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"Jazz is the sound of suprise, and Steve Adelson's The Answer's Inside keeps the unexpected going with the lyrically swinging Chapman Stick, adding a new dimension to listening."
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Moulin Rouge! The Musical Event Dates & NYC Broadway Tickets

The many wholly original works of art can, at the support of story or character or center, summon the stray memory, the more whispery chill of deja vu. They'll change on the bittersweet recall of better times or drip-drop echoey small splashes of their worst. Most, however, remember to flip the damn spigot off. Selling Out Fast - Book Now‎ Moulin Rouge Broadway show tickets at Guaranteed Low Price.

Seeing Broadway's truly lovely-looking, golden-oldie-stuffed Moulin Rouge! The Musical, starting tonight, I had been reminded time and time (and time) again not only of life situation when that or this struck tune caught our shared focus, but of Moulin's religious protagonist. I thought of Baz Luhrmann's 2001 film, also, but the predecessor never escaped my head was Name That Tune, the older game show where contestants vied to be the very first to recognize that a tune in as few notes as possible.

In case you're the type of person who frets that jukebox musicals are carrying over Broadway, prepare yourself to tilt at the windmill that's the stunning, gaudy, spectacularly overstuffed Moulin Rouge! The Musical. Directed with extravagant showmanship by Alex Timbers, this adaptation of Baz Luhrmann's 2001 picture may be costume jewelry, but its glow is dazzling.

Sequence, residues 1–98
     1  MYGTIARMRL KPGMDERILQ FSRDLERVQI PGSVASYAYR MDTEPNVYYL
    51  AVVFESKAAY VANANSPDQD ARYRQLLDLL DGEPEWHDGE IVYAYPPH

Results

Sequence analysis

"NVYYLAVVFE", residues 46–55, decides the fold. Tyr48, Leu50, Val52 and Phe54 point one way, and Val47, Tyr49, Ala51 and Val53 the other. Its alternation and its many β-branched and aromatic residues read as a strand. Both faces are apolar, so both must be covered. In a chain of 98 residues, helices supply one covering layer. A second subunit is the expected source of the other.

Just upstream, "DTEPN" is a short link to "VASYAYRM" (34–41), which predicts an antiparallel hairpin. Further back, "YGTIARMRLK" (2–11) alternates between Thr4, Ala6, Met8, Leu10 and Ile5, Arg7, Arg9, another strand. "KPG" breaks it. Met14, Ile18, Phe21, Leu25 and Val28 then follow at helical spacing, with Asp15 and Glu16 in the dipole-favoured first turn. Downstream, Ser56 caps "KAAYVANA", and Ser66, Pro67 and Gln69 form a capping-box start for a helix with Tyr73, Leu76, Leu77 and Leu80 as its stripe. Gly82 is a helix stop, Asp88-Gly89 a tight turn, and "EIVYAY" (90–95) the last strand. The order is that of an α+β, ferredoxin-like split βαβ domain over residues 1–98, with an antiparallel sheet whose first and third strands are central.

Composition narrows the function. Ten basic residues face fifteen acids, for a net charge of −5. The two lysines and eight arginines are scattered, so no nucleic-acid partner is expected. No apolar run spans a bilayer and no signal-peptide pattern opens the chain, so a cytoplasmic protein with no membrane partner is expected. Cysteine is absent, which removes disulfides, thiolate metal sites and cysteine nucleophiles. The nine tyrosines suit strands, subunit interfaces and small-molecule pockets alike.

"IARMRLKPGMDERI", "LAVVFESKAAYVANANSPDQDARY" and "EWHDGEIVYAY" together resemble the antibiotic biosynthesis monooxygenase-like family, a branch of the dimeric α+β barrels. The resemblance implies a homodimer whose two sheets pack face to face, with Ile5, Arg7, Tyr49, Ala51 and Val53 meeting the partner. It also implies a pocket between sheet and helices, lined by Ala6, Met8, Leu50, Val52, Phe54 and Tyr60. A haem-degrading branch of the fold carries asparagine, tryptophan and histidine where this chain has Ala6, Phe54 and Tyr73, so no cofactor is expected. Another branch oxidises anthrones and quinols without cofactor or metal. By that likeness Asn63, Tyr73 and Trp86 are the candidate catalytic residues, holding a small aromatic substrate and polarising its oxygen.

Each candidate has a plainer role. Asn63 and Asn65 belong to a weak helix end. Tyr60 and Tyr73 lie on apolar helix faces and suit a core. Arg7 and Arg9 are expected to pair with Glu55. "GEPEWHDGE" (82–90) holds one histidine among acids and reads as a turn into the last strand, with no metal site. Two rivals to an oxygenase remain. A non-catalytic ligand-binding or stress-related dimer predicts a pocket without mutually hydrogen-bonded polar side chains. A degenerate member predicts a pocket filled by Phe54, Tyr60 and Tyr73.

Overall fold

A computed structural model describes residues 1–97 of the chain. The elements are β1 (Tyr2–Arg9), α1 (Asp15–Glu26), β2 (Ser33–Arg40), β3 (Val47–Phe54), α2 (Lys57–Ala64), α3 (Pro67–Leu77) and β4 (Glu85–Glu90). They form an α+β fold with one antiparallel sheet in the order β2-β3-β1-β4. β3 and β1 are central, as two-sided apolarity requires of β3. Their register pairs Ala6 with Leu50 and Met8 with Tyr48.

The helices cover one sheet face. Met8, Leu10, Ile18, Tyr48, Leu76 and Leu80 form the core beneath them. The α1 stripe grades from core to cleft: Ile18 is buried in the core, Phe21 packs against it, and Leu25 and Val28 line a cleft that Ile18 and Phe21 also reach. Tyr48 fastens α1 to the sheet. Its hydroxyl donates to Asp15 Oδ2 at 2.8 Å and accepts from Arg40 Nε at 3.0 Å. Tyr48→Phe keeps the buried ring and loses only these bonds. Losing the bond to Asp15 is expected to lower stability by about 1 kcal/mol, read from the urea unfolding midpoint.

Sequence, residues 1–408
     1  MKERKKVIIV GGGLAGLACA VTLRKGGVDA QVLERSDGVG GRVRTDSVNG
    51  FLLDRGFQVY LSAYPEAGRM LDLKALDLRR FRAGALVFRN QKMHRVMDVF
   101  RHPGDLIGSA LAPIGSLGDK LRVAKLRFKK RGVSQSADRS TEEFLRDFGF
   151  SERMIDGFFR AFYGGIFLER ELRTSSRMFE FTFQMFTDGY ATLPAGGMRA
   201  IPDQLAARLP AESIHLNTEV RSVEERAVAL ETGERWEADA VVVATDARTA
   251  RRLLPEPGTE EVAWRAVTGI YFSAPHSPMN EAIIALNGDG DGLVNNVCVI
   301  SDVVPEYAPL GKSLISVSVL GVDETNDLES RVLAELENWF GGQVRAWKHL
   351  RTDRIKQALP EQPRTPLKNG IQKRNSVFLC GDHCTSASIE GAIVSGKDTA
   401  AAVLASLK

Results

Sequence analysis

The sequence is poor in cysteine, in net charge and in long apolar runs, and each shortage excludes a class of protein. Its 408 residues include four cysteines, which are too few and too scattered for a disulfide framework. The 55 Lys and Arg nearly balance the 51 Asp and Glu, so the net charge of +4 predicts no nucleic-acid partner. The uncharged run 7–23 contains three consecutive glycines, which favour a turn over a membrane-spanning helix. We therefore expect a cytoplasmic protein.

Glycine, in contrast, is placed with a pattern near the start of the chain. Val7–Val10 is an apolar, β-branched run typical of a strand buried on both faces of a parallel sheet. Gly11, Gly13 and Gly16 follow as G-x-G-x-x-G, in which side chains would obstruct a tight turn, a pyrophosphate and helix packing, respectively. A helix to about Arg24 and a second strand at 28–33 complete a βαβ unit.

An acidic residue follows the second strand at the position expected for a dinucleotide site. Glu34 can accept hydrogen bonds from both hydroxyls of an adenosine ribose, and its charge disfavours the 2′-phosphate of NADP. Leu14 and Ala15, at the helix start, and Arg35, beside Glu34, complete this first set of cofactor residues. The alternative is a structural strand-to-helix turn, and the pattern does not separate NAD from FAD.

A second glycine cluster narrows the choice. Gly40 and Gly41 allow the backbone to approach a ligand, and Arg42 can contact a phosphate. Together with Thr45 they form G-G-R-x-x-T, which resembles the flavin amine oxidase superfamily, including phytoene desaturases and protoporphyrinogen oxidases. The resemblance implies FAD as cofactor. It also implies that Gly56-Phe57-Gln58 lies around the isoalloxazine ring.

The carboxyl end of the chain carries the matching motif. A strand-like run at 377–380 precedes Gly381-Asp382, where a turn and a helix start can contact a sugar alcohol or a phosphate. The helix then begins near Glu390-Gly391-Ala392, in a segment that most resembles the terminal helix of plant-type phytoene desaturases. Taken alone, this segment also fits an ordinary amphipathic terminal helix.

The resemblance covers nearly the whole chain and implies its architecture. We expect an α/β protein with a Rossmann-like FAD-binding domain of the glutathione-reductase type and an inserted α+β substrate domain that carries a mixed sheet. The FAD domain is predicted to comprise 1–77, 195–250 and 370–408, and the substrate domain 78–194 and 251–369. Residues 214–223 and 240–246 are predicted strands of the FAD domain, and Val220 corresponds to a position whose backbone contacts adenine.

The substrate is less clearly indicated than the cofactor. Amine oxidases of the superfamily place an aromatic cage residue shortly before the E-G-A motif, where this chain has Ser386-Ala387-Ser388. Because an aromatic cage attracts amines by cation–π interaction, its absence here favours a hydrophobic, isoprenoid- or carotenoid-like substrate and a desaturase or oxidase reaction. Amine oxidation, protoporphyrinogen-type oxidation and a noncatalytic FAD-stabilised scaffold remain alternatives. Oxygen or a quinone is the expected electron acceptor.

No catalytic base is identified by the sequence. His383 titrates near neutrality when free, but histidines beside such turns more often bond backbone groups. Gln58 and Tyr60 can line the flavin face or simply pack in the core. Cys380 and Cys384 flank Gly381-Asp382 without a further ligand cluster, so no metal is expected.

The location is that the legendary Paris nightclub of this name, along with the year is ostensibly 1899. Yet the tunes --such as Catherine Zuber's eye-popping costumes--interval several 150 years of styles. Moulin Rouge! Begins with a generous slathering of "Lady Marmalade," belted into the heavens by four girls from sexy black lingerie, long latex gloves and feathered headdresses. Shortly they yield the point into the beautiful courtesan Satine (a sublimely troubled Karen Olivo), making her grand entry descending from the ceiling on a swing, singing"Diamonds Are Forever." She's the Moulin Rouge's main songbird, also Derek McLane's sumptuous gold-and-red place looms around her just like a gilded cage.

After falling in with a bohemian crowd, Christian (the boyish Aaron Tveit), a budding songwriter from small-town Ohio, wanders to the Moulin Rouge such as Orpheus from the demimonde, his lips as rosy with innocence because the showgirls' are blushed with maquillage. As unkind fate would have it, he instantly falls in love with Satine, and she --but she's been sworn, alas, into the wicked Duke of Monroth (Tam Mutu), on whose patronage the club is different. Additionally, Satine is dying of consumption, as a traditional red-handkerchief second shows.

The musical provides lip service to proletarian ideals, as enunciated by its own variant of the painter Henri de Toulouse-Lautrec (Sahr Ngaujah), but its allure is the contrary: As Broadway reveals become more expensive and pricier, here is one which feels and looks expensive. It is a very fancy heart-shaped box of Valentine's Day chocolates, although you understand exactly what you're likely to get, every bite is still just a small surprise: occasionally gooey, sometimes nutty, sometimes fruity, sometimes sweet, sometimes rancid but mostly yummy. And if there is any consolation to the haters, Moulin Rouge! May prove to be the jukebox musical to end all jukebox musicals--if only because, one of its distinct type of jukebox musical least, it is difficult to envision how it can be topped.

Al Hirschfeld Theatre 302 West 45th Street New York, NY 10036